03 Oct State icons honored as justice champions: Evers-Williams, Winter draw standing ovations at dinner
Published in the Clarion Ledger
Jimmie E. Gates
It was like honoring royalty as a sellout crowd of 600 people gathered in downtown Jackson to say “we love you” to two Mississippi icons.
It was a night to show love for a woman of courage, Myrlie Evers-Williams, and the man who championed education reform in the state, former Gov. William Winter.
“We are blessed to have two of the greatest living Mississippians here,” said former state Supreme Court Justice Fred Banks, who introduced Winter at the annual Mississippi Center for Justice Champions of Justice Dinner.
Both Evers-Williams and Winter received standing ovations from the crowd.
Martha Bergmark, founding president of the Mississippi Center for Justice, said it was the largest crowd in the nine years of the Champions of Justice Dinner and the center raised $360,000 for its programs.
Attorney Alan Moore, who introduced Evers-Williams, said it was one of the greatest blessings of his life.
“She never stopped speaking out for civil rights and never left Mississippi behind,” Moore said.
Evers-Williams is the widow of slain civil rights leader Medgar Evers. She forged her own history after his death.
Evers-Williams has been a civil rights activist and leader since the 1950s, when she worked alongside her husband to end racial segregation in Mississippi.
On June 12, 1963, Medgar Evers, field secretary of the Mississippi NAACP, was assassinated in the driveway of their Jackson home.
Ten days later, FBI agents arrested Byron De La Beckwith of Greenwood, who was tried twice in 1964 but went free after all-white juries deadlocked.
With the trials ended, the memories grew too painful, and Myrlie Evers and her three children left Mississippi and moved to California. She married Walter Williams, who died in 1995. In 1970, she followed an unsuccessful run for Congress with a successful career in business, eventually serving on the Los Angeles’ Public Works Commission.
In 1989, she pushed for the reopening of her late husband’s case, and five years later, a jury convicted Beckwith, who was sentenced to life in prison, where he died in 2001.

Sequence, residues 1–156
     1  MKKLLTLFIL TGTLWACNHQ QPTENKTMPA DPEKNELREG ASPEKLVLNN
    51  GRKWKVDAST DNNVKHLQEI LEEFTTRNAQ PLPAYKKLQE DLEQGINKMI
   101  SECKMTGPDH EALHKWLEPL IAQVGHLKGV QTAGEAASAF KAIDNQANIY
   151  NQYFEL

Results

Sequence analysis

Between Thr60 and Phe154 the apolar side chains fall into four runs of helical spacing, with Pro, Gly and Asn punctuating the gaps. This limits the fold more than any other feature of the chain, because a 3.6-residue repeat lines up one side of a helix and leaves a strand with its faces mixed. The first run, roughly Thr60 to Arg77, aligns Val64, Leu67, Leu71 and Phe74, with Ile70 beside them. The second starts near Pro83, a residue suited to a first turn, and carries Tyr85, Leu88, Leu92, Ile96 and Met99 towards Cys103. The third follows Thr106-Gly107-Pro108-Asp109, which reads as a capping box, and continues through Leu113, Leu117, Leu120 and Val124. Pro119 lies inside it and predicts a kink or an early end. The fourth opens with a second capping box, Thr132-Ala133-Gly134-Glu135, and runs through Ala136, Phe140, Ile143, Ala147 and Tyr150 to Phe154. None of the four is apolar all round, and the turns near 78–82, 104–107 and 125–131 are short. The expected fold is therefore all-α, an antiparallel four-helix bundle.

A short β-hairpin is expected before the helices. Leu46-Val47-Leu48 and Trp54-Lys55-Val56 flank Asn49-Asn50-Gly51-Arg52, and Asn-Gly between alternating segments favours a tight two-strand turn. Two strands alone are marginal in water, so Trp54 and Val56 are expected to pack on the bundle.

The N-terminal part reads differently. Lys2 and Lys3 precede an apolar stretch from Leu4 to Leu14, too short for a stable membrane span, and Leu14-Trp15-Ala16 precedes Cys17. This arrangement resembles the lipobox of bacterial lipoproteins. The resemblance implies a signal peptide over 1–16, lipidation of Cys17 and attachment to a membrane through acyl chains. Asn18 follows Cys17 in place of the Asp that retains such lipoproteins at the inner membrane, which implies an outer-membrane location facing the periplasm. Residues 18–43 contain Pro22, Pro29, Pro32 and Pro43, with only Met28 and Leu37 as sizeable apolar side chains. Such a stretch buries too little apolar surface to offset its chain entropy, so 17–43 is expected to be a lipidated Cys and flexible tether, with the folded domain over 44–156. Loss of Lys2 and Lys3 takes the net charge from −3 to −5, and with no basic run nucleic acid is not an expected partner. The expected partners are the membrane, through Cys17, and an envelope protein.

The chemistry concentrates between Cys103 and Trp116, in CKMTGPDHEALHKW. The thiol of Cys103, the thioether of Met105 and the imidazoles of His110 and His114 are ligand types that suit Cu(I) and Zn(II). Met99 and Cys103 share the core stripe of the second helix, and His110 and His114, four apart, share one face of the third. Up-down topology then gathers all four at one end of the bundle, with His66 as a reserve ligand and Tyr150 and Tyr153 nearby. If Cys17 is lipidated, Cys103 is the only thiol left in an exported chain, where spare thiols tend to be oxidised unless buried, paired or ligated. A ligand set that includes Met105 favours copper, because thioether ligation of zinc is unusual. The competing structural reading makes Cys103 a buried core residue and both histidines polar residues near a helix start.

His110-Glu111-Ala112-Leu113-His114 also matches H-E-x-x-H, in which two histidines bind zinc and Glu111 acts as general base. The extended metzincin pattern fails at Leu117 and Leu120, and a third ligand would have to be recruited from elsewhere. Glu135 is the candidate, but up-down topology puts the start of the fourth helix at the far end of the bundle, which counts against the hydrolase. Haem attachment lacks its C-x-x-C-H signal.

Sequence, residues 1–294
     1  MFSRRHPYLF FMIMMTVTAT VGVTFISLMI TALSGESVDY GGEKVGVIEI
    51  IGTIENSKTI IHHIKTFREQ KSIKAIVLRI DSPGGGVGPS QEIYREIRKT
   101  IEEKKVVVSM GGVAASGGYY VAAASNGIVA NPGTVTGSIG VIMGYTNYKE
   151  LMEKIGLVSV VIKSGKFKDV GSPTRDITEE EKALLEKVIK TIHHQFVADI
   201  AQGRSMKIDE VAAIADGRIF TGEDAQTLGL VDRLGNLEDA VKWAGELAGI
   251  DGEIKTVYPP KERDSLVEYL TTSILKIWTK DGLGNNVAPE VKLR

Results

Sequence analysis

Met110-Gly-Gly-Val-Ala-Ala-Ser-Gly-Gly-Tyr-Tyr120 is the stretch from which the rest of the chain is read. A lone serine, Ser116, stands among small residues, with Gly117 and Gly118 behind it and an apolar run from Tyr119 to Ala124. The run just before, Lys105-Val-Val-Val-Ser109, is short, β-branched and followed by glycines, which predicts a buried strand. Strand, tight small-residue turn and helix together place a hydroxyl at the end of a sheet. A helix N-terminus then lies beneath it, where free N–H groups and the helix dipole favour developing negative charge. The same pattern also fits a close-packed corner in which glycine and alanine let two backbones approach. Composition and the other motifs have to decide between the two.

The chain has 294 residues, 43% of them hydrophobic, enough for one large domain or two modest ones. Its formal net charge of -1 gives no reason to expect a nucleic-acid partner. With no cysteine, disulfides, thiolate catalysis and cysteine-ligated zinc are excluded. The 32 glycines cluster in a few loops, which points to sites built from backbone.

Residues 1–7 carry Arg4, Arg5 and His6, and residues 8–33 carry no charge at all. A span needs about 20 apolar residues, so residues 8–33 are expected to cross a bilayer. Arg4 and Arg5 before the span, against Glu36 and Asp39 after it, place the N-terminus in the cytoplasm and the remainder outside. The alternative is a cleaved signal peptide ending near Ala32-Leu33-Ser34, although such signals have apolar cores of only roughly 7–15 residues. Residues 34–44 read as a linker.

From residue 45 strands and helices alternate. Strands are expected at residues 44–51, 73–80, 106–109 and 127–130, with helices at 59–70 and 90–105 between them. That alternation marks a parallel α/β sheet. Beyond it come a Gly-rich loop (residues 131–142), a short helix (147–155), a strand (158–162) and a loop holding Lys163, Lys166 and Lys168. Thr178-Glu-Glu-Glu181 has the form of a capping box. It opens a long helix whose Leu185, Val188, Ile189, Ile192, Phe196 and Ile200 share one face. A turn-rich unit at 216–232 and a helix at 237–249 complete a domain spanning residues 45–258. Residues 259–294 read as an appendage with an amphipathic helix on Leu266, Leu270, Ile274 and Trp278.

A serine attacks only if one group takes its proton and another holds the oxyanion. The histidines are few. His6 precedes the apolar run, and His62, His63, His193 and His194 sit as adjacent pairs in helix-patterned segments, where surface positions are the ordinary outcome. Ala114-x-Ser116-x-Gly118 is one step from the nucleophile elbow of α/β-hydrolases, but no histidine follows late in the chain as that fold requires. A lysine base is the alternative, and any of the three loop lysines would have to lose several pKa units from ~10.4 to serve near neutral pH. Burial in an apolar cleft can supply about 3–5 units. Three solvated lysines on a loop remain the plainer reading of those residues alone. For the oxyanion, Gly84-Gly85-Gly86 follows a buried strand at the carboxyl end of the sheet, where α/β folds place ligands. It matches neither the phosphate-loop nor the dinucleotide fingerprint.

When she took over as chairman of the national NAACP in 1995, the organization was teetering near bankruptcy with a debt of $5 million. Three years later, she left the organization with a $2 million surplus.
Evers came home to Mississippi this year as a distinguished scholar-in-residence at Alcorn State University, her and Medgar’s alma mater. It is where the couple met.
“I will be forever grateful for this recognition,” Evers-Williams said. “I accept it not for myself, but for all those in this room. Mississippi has not come this far by the effort of just a couple people but by the effort of all of us … I love Mississippi. Mississippi has come a long way and we have much to be proud of.”
Evers-Williams and Winter developed a strong bond of friendship over the years. She donated Medgar Evers’ papers, documents and other artifacts to the Mississippi Department of Archives and History that bears Winter’s name.
Evers-Williams said she cherishes her friendship with Winter and said she remembers him opening the Governor’s Mansion to her family at a time when it might not have been a popular thing to do.
Winter, governor from 1980-1984, is a revered leader in promoting high-quality public education and racial reconciliation in Mississippi and nationally.
Banks said Winter is “a hero to justice in the state of Mississippi going back to 1947.”
Winter said Thursday’s program was special to him because he was in Evers-Williams’ company .
“It’s like the rookie guard on the Chicago Bulls who scored one point and Michael Jordan scored 70 points and said I will always remember the night when Michael Jordan and I scored 71 points,” Winter said in a tribute to Evers-Williams.
Winter’s Education Reform Act of 1982 mandated compulsory school attendance, higher standards for teacher and student performance, and statewide public kindergarten.
In 1997, Winter was appointed to President Clinton’s Advisory Board on Race, and in 1999, the University of Mississippi established the William Winter Institute for Racial Reconciliation, which works to build more inclusive communities by promoting racial diversity and citizen engagement. In 2005, he helped to lead Gulf Coast recovery efforts following the devastation wrought by Hurricane Katrina.